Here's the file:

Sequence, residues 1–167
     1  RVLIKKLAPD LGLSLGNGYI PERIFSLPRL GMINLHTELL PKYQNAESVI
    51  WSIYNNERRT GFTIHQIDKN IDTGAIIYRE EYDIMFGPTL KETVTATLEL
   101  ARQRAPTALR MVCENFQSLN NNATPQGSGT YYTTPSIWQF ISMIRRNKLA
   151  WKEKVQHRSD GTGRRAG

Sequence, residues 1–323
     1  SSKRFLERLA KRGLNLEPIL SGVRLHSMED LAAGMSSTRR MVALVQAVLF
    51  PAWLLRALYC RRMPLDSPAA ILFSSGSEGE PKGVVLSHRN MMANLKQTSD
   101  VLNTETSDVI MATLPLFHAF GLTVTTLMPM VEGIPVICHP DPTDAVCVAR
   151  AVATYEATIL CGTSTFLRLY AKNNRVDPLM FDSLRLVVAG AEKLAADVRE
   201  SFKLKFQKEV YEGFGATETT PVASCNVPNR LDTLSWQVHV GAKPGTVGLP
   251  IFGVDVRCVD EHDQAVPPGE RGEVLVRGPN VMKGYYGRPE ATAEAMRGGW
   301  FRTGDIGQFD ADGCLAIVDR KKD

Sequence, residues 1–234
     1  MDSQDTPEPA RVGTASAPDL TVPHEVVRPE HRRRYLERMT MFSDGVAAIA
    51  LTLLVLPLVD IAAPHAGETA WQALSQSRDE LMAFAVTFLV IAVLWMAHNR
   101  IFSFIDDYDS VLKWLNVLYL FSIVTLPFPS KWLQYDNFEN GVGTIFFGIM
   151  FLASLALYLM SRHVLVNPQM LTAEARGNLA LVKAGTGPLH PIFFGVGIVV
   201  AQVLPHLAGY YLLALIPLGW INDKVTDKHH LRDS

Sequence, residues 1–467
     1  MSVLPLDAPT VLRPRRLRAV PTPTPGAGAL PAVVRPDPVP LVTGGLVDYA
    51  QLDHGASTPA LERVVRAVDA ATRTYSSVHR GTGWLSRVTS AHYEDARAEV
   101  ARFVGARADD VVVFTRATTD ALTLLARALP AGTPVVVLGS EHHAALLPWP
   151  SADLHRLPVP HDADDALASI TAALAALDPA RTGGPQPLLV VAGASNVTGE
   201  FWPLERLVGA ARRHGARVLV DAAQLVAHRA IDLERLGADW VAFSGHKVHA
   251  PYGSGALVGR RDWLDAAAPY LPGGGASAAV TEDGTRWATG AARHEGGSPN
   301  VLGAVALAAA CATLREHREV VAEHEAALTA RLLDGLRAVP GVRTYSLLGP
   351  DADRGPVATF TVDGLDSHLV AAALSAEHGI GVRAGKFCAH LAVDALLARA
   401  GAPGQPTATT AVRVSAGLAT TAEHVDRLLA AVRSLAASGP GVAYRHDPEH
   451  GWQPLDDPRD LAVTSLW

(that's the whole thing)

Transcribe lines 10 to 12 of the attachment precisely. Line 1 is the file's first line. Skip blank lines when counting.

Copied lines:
   151  AVATYEATIL CGTSTFLRLY AKNNRVDPLM FDSLRLVVAG AEKLAADVRE
   201  SFKLKFQKEV YEGFGATETT PVASCNVPNR LDTLSWQVHV GAKPGTVGLP
   251  IFGVDVRCVD EHDQAVPPGE RGEVLVRGPN VMKGYYGRPE ATAEAMRGGW